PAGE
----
Federal officials have placed New York 15th on a list of 16 states eligible to receive an education grant known as Race to the Top.
For being second to last, New York is out of the money. But the decision to put this state in that position has caused an uproar among politicians and educators, even as New York prepares to seek money in a second round of Race to the Top in June.
As people point fingers and play the blame game, no one seems to be speaking out for the people most affected: the children.
No one except Diane Ravitch, the great scholar and historian of American education. She is blunt:
"The Obama administration wants states to evaluate teachers by their students’ test scores, a truly bad idea. The tests that students take are intended to gauge student progress, not to judge teacher quality," she wrote in her book "The Death and Life of the Great American School System."
"This approach will mean more teaching to the test, more narrowing of the curriculum.
"This will undermine public education."
Ms. Ravitch says the Obama administration wants states to create more charter schools but she insists the evidence to date doesn’t show they do any better than regular public schools.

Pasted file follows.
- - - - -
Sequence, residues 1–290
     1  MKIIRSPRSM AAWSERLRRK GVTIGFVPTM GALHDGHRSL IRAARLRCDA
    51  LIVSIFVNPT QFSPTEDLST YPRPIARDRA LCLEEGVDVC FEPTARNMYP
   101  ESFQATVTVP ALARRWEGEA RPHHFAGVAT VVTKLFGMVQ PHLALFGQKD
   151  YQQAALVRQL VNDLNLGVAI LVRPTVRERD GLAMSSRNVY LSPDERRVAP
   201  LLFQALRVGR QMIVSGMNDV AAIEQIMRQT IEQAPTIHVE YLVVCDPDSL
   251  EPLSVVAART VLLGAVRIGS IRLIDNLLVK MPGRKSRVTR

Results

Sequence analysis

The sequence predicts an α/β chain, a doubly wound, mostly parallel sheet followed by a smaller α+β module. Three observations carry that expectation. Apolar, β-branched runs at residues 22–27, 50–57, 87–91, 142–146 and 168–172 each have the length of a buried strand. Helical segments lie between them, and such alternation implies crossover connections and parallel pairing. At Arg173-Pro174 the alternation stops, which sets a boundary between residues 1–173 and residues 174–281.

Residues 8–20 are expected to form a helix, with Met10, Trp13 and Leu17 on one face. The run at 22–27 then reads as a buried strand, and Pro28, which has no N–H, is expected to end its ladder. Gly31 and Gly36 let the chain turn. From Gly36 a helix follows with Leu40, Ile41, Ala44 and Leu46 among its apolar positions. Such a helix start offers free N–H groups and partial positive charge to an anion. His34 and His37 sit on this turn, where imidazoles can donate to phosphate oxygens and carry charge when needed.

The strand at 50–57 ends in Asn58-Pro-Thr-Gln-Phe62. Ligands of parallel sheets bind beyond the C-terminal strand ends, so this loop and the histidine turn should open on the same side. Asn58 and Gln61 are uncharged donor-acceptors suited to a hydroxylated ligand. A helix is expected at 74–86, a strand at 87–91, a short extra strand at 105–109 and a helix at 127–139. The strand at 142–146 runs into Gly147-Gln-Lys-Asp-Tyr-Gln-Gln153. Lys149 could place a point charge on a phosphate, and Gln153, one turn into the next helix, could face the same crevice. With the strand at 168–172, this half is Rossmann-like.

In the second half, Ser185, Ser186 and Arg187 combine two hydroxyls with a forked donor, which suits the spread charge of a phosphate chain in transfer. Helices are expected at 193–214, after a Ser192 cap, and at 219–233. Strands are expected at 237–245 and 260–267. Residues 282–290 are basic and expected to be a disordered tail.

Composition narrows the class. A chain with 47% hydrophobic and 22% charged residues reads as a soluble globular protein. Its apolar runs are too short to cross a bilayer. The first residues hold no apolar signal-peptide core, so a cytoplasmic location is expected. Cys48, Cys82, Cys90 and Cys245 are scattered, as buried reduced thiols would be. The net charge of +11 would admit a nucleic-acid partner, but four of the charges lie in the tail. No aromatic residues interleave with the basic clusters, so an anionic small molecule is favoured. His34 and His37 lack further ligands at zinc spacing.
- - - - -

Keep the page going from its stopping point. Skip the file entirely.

And, she warned me that the creation of more charter schools could be "an invitation to corruption."
Back in the days when community school boards had a strong hand in education, there were many instances of corruption involving school board members. Ms. Ravitch thinks that, with federal money flowing into New York City, there would be a great opportunity for rogues to plunder some charter school funds.
The state tests for reading and math, she says, have been "dumbed down" to make it appear that progress is being made. "It’s a Ponzi scheme."
She adds: "We are lying to the children." Every year, she says, the state announces "dramatic gains on state tests and every year state officials lie to our children."
"This routine won’t make us more competitive in the world," Ms. Ravitch declared to NBCNewYork. "It’s a bad state of affairs."
It’s sad indeed that the children are pawns in the political games that are being played by both politicians and educators. The education system needs help. But pouring more federal money into this city and other cities is not a panacea.
Good teaching, meaningful education can’t be measured by mathematical formulas, by multiple choice or true and false tests.
The best teachers now -- and throughout history -- have been those who inspired their students with a reverence and love of learning. Somehow, we have to find a way to establish such teachers as guardians of our educational system and our young people.